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John Rossie Blue Water Navy Ao


Berta
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This show will be good- link at top of page to SVR radio- Stardust.com

Call ins toll free 1-877-213-4329 and join the chat room if you wish-

Jerrel Cook is hosting, I am co Host, and John has a BWV widow on line too to join us.

(The Smoger AO law suit has been thrown out of court-Supreme Court)

Gerson Smoger posted a beautiful letter thanking us all for the support -forget where it is posted at Watchdog I think-

BWN vets have to prove direct SC with one boot on Vietnamese soil or Brown Water inlet /tributary mil service. Haas case is over.

We also will discuss the H VAC hearing -more than likely.

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I sure have CRS syndrome

forgot-

5:30 CT and 6:30 EST at

http://www.stardustent.com/

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Haas cases have been boiling up to the top in the past 2 weeks at our RO. It has become a priority to work the cases now that the decision has become final. A little background on what they are having us do....

1. Research the C-file and determine whether or not the veteran served in Vietnam. This usually involves a request to the service department for exact dates.

2. Most of these veterans are Navy, which means that we must also ask the service department for the 201 file (personnel file) as well to determine the ship(s) that they served upon.

3. Research the ship history (which becomes part of your C-file...), and determione if the veteran is unmistakeably "bluewater".

4. If the veteran is unmistakeably "bluewater" then the file goes straight to the rating board. HOWEVER... Some of the vessels got fairly close to the mainland of Vietnam...

5. The vessels in question can be determined "brownwater".

Air Force claims under Haas are much more difficult for the veteran to prove. Flight logs and such are very few and far between.

Berta is correct... If you didn't put your foot on RVN soil or traverse the inland waterways, they are denying the claim. We are bound by the courts decision now because the Supreme Court refused the case. The decision is now final.

I have had a few vets that I have spoken to via telephone that are a little confused and irate (understandibly so). I have also talked to 2 that claim that their vessel was very, very close to the shore. One was on an amphibious attack vessel (I will assume that he will be "brownwater"), and one was on an aircraft carrier (those veterans have almost no chance of being in the "brownwater" category). The waters around Vietnam are shallow, and the number of vessels that got very, very close will be limited.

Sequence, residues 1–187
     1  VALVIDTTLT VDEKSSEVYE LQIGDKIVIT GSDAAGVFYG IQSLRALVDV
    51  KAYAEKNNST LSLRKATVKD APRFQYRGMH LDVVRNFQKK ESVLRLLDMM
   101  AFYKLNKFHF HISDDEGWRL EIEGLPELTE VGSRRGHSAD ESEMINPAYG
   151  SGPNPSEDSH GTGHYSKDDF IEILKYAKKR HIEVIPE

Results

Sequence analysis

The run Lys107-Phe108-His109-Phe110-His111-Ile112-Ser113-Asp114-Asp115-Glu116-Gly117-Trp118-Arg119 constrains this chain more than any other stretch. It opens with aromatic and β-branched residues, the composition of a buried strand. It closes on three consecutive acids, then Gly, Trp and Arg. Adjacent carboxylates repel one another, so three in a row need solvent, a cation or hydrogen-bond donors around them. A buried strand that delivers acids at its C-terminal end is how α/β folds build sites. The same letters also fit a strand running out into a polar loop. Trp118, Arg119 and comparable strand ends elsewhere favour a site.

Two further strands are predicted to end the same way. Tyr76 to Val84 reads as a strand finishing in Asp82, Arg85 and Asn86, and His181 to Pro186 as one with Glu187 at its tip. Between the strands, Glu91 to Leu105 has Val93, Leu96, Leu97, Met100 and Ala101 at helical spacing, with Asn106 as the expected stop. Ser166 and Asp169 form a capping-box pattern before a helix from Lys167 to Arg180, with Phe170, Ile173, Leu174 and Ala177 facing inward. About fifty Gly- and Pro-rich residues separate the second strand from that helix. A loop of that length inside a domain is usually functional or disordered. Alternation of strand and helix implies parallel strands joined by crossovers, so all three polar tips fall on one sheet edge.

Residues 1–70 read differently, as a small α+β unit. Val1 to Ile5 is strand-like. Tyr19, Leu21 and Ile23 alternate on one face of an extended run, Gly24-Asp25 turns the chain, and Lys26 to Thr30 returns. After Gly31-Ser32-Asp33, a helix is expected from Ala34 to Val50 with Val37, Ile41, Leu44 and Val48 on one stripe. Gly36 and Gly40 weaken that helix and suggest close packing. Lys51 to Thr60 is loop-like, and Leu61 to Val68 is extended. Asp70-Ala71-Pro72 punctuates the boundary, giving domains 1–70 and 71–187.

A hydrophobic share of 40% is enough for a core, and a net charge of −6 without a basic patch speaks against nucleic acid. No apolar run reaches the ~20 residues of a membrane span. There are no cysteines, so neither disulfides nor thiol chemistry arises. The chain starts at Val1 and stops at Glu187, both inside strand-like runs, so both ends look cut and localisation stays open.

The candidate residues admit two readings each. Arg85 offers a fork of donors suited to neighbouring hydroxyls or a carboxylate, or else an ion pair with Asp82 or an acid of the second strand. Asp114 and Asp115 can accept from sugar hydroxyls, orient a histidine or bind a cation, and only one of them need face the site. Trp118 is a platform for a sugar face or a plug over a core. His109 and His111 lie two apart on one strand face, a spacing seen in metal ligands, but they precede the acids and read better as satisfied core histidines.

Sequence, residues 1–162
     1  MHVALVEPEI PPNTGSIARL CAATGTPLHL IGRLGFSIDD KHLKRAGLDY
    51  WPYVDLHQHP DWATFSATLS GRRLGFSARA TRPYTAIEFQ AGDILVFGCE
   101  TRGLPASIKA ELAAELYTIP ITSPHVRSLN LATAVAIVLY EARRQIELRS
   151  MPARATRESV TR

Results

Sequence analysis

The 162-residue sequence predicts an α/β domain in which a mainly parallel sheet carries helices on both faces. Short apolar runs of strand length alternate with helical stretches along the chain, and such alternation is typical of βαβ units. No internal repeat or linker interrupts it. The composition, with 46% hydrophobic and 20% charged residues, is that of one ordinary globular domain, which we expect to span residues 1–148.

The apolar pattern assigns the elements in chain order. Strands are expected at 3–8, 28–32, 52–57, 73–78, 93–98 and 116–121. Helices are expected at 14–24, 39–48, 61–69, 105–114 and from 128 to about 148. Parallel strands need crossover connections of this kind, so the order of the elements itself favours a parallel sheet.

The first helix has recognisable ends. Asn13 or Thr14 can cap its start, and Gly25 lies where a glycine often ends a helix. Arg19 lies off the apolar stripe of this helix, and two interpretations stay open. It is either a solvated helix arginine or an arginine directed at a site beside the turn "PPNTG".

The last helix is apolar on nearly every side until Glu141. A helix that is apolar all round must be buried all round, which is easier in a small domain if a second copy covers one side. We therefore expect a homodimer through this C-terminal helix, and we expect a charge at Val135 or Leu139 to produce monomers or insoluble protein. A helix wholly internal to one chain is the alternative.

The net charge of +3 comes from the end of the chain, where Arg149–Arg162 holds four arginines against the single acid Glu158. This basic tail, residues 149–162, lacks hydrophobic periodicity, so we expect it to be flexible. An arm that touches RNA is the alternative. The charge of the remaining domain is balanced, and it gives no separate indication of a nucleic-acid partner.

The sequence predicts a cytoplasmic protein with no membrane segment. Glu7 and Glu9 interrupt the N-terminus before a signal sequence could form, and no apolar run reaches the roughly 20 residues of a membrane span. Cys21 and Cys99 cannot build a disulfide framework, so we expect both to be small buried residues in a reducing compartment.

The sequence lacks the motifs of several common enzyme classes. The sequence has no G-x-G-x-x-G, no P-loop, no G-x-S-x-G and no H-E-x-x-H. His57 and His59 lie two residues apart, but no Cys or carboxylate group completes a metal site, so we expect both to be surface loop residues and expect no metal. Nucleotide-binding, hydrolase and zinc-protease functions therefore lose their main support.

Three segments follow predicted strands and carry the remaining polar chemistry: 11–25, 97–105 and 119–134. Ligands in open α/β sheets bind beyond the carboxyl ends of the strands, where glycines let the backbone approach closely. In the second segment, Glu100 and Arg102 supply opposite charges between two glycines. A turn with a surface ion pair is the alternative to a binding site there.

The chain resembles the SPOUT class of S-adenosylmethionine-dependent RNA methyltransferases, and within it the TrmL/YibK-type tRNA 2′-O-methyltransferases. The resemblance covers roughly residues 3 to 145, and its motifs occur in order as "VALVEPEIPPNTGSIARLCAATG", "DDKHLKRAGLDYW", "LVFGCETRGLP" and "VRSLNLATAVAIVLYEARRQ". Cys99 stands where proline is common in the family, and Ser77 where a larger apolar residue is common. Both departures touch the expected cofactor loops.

The rating decisions are dropping like flies now. I wish I could be more positive about it. I have woked several of these claims now, and the results have not been so great.

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Yes- you are so right-

I had a Brown Water vet who was 100% P & % SC for AO cancer.

The &%^$% VA proposed to reduce him saying he had not stepped one foot on Nam soil.

Long story- we went over his claim via email for weeks-I almost committed myself to go from NY to FLA to the hearing -I was that disgusted with the VA-

I helped him jog his memory- he was in brown water tributaries many times and then he recalled they had picked up 2 Vietnamese officers, brought them to the ship and then returned them.

I asked who helped the Vietnamese soldiers get into th boat- he did- I said how did you do that without stepping on the bank (I did alot of boating years ago)

Bingo! of course he had to step on the bank to help one office onto the pontoon or whatever it was called-

he got proof of that.One foot on land-Nam Yippee

He also got another piece of unique evidence-a statement from his daughter's English professor that clarified the AO regs.

More Bingo!we were cooking with gas!

The VA called him, No hearing and they did not reduce his 100% SC P & T -

WHew-his kids were just started Chap 35 edu benefits- can you imagine the stress this vet went through?

I made point last night at SVR-BWV MUST try to jog their minds to try to seek direct SC due to AO foot one land and not presumptive.

I suggested before too- even if a vet's only proof is that he got VD from a mamasan and there was some record of penicillin treatment (they do put this in SMRS sometimes)

that is direct proof that he stepped one ( and a littl more than a foot) on Vietnamese soil.

My testimony on Blue Water last year to HVAC was better than what the H VAC put into the record Wednesday-

I regret that it was never considered by H VAC at that time.

I did all I could responding to and talking to Rick Spaturo (NVLSP lawyer) for ideas at to how to succeed with Haas.

I STILL think the scientific approach as to dioxin has not been properly considered yet at all.I was taking my last AMU course - Ecology science when this all hit the fan-

I raised the Danag study 2 years ago that found Dioxin levels were over 300 times in Danang soil in 2006 then they were during the War.

Dioxin -a persistent organic pollutant has an accumulative long term affect-sea birds are deeply affected by dioxin storage in their fatty tissues.I bet they crapped all over the ship decks-and even on sailors-